Open

Coming up

Don't miss

Replay


LATEST SHOWS

THE WORLD THIS WEEK

The World This Week - 01 August 2014 (part 2)

Read more

MEDIAWATCH

Coverage of Gaza in the Israeli media

Read more

REPORTERS

1914-1918: The Depths of Hell

Read more

THE WORLD THIS WEEK

The World This Week - 01 August 2014

Read more

THE INTERVIEW

Exclusive: Israel's US ambassador speaks to FRANCE 24

Read more

#THE 51%

World War One: The war that changed women’s lives

Read more

FRANCE IN FOCUS

Ségolène Royal goes for green

Read more

THE OBSERVERS

A look back at some of the Observers' best stories

Read more

DEBATE

Argentina Defaults: Kirchner Cries Foul Over 'Vulture Funds' (part 2)

Read more

  • Hamas denies capturing Israeli soldier as Gaza truce lies in tatters

    Read more

  • Scores killed in China factory explosion

    Read more

  • Exclusive: Israel's US ambassador speaks to FRANCE 24

    Read more

  • Police 'chokehold' caused NYC death, coroner rules

    Read more

  • French most keen to erase their online footprint, says Google

    Read more

  • Air France ground workers to strike on August 2

    Read more

  • Rogue general denies Islamist seizure of Benghazi

    Read more

  • Ugandan court strikes down anti-gay legislation

    Read more

  • 1914-1918: The Depths of Hell

    Read more

  • Regional summit to tackle deadly Ebola outbreak

    Read more

  • French hospital to open wine bar for terminally ill patients

    Read more

  • Video: Tipping is dying out in French café culture

    Read more

  • €2.5 million in cocaine ‘disappears’ from Paris police HQ

    Read more

  • Appeal court keeps French rogue trader Kerviel in jail

    Read more

  • Interactive: France’s new plan to counter jihadism in Africa

    Read more

  • Ukrainian army suffers losses in separatist attack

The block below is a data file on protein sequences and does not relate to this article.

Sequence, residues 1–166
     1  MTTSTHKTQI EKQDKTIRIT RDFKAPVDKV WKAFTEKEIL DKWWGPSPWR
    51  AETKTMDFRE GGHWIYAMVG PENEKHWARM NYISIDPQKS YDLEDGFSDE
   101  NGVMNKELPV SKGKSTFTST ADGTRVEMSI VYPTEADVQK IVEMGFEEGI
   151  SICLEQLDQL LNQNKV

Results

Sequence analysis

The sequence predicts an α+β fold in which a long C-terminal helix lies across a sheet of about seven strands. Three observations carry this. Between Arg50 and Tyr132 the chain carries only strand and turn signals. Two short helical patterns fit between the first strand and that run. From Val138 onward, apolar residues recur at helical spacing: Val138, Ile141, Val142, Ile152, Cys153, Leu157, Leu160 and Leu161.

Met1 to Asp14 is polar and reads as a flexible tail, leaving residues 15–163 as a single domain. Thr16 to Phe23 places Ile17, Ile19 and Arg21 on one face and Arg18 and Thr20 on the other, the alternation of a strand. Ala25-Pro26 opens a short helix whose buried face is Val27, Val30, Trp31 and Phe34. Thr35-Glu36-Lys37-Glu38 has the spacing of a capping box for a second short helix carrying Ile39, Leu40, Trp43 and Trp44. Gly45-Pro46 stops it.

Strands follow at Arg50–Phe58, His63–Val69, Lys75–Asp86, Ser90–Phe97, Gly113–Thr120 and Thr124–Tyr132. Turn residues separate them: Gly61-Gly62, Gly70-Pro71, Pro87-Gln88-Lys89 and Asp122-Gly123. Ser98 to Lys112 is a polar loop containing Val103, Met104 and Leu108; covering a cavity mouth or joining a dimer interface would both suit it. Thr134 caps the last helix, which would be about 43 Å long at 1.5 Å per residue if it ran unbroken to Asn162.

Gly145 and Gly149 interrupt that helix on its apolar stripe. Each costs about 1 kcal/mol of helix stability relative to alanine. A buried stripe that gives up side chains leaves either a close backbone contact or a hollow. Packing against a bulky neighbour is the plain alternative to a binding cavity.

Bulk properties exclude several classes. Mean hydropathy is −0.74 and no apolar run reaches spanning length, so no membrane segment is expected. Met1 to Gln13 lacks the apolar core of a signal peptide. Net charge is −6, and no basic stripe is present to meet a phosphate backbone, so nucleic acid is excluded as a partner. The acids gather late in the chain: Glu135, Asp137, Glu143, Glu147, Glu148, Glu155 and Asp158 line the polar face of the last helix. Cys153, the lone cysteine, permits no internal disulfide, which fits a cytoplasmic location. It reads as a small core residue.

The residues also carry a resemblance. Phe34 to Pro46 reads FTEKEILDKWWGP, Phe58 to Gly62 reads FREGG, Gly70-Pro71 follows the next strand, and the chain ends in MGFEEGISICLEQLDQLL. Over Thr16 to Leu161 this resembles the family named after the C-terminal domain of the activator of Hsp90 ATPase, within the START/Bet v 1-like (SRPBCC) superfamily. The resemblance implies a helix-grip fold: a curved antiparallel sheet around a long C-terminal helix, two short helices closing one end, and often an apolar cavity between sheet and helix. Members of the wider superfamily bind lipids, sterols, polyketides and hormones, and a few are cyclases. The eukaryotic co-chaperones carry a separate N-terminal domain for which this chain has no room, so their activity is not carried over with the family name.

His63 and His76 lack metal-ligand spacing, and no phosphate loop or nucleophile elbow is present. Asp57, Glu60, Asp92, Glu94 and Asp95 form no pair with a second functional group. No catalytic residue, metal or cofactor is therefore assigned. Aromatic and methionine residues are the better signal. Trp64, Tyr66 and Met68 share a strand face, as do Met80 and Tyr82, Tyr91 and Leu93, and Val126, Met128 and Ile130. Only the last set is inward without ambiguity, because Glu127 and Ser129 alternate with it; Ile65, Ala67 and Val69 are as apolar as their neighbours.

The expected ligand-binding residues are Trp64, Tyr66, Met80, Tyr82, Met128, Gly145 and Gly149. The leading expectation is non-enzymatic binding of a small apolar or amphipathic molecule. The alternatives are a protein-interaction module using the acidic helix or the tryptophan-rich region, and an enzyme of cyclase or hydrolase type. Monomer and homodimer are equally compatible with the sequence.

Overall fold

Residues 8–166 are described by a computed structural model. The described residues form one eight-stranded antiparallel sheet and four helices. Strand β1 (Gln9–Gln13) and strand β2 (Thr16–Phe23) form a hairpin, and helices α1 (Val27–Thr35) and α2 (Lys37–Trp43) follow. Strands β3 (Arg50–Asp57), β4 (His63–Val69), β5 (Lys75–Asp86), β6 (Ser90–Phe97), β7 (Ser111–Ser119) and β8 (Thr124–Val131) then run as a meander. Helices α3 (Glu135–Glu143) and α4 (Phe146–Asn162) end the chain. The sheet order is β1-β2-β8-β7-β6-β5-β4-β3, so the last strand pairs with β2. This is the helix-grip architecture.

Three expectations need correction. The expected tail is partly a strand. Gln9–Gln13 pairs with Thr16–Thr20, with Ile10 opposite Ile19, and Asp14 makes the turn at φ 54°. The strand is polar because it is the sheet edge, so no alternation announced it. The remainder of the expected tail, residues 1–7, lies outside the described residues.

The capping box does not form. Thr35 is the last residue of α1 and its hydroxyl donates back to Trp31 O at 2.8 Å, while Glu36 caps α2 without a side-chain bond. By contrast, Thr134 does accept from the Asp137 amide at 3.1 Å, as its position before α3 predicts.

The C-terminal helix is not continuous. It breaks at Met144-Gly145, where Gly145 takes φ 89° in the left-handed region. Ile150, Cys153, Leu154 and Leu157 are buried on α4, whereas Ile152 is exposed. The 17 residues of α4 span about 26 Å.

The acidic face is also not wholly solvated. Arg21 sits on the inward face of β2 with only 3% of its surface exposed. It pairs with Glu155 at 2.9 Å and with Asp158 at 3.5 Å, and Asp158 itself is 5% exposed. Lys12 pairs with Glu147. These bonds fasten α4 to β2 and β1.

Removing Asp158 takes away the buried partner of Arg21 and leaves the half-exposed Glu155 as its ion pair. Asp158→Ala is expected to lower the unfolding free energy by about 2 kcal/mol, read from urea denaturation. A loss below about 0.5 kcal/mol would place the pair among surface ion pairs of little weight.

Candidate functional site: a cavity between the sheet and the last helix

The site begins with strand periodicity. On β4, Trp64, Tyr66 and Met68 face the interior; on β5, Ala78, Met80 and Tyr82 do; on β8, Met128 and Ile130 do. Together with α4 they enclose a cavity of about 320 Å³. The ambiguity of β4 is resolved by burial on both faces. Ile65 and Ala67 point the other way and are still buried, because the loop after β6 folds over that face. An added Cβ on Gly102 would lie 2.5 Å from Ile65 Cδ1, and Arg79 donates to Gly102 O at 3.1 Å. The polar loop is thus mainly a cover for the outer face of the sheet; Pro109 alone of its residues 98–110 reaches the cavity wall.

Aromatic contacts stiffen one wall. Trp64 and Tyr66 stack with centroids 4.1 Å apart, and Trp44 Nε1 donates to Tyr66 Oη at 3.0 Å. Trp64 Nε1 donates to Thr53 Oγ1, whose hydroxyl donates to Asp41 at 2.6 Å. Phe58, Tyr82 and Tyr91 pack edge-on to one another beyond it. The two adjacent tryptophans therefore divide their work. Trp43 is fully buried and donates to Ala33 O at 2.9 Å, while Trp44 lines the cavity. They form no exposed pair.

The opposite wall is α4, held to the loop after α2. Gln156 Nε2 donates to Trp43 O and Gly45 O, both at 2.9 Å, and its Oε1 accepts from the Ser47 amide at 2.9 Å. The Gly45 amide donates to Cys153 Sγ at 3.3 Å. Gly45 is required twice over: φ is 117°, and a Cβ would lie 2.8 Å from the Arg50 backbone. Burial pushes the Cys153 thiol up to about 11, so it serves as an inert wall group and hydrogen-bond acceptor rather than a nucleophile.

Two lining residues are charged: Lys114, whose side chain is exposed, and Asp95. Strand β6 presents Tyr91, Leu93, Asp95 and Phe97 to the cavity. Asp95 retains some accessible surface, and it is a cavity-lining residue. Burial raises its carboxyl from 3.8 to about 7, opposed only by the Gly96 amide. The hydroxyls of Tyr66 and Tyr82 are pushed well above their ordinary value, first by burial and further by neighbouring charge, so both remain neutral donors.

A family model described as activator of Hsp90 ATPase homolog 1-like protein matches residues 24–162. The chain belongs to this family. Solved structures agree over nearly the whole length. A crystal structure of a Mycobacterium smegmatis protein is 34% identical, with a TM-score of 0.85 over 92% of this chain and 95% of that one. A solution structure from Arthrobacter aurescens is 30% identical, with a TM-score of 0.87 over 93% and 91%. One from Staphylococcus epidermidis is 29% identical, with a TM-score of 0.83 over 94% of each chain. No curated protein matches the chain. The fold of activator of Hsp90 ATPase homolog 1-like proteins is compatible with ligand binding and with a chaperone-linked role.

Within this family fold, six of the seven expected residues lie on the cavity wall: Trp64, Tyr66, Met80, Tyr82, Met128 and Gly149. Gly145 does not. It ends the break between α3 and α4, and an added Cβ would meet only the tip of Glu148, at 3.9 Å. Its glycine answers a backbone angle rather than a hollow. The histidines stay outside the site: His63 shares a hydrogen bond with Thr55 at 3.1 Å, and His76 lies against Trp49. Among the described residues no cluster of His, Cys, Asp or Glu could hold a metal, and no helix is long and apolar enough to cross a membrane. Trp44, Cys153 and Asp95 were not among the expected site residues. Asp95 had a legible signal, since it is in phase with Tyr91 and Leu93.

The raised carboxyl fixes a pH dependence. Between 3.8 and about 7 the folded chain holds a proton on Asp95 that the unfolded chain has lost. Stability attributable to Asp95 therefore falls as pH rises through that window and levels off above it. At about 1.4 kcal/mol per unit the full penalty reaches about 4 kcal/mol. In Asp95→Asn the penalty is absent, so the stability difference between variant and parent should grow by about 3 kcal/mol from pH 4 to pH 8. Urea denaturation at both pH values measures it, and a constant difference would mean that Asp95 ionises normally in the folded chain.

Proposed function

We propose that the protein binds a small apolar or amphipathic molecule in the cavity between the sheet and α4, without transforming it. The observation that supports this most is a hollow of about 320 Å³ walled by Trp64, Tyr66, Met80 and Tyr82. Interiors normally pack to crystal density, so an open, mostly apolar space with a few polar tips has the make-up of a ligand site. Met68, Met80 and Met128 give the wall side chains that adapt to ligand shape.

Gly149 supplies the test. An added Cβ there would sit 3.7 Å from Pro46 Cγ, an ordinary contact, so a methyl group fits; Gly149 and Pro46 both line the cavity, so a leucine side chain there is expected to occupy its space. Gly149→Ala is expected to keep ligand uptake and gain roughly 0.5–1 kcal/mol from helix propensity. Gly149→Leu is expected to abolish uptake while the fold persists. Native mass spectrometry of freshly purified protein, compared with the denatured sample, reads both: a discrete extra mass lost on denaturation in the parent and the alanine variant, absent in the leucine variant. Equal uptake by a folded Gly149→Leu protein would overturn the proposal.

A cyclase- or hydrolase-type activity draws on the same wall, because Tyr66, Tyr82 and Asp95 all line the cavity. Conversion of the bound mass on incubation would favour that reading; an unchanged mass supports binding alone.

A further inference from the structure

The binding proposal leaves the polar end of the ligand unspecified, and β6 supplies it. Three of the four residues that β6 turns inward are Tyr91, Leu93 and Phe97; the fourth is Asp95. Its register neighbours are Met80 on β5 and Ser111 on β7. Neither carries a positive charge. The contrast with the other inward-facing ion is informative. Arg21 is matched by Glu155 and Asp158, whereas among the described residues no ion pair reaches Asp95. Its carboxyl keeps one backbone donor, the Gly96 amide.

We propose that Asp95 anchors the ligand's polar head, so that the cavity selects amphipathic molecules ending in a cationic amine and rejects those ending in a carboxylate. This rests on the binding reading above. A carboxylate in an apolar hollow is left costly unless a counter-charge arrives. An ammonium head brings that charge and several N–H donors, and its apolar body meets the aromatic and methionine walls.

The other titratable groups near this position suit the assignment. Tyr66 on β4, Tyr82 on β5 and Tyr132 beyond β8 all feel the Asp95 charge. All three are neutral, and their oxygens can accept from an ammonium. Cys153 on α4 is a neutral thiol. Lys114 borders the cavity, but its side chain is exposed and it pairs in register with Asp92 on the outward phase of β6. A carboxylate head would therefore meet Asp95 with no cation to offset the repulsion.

Read more

Business

AIG bosses agree to return bonuses amid public outcry

Video by Guillaume MEYER

Text by Euny HONG

Latest update : 2009-03-24

AIG announced on Tuesday that much of the 165 million dollars in executive bonus money the company doled out would be returned. This comes as the US Treasury unveils its Public Private Investment Programme.

AIG made the startling announcement on Tuesday that 15 out of 20 of its bonus recipients would be returning their bonuses - a reimbursement of 50 million US dollars out of a total 165 million. The scandal has become the proverbial last straw in the growing public resentment about executive bonuses in a time of economic crisis. AIG is the recent recipient of 150 billion dollars in government aid.

 

According to some analysts, it may not be a coincidence that this news came at around the same time that US Treasury secretary Timothy Geithner announced his trillion dollar Public and Private Investment Programme. FRANCE 24’s Business Editor Douglas Herbert said, “While I would be the last to defend the warped Wall Street Bonus culture, the backlash against bonuses we’re seeing is driven more by politics than by economics. Obama desperately needs the good will of Wall Street and Congress to ensure the success of his financial rescue plan.”

Geithner’s plan is aimed at improving the financial health of banks by allowing the government – in partnership with private investors – to buy up toxic assets, thereby allowing the banks to start with a clean slate.

 

Harold Hau, a professor of finance at the INSEAD business school in Fontainebleau, told FRANCE 24 why Geithner was so hasty in announcing the plan: “Obama lost credibility by not acting swiftly enough in this crisis,” adding that this was “the Hurricane Katrina of the Obama administration.”

 

Radical measures such as the trillion dollar package – which would be partly shouldered by private companies – may reflect increasing public mistrust toward what it perceives as the government’s cosseting of big corporations.

 

So universal was the public outcry against AIG, for example, that it crossed bipartisan lines. When the House of Representatives voted on March 19 to reclaim 90 percent of the bonuses by levying a special tax, the bill passed by a staggering 382 for, 93 against.

 

This week, the US Senate is reviewing a measure to institute similar policies across the board. According to a March 19 Senate press release, Senator Chuck Grassley, one of the authors of the bill, said, "Getting bailed out by the American taxpayer was more than enough of a bonus for these companies and individuals.”

Date created : 2009-03-24

COMMENT(S)